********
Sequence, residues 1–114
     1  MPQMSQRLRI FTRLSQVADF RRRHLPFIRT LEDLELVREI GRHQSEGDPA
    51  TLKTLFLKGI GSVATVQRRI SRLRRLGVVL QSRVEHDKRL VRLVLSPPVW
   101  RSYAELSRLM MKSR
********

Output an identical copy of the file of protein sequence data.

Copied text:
Sequence, residues 1–114
     1  MPQMSQRLRI FTRLSQVADF RRRHLPFIRT LEDLELVREI GRHQSEGDPA
    51  TLKTLFLKGI GSVATVQRRI SRLRRLGVVL QSRVEHDKRL VRLVLSPPVW
   101  RSYAELSRLM MKSR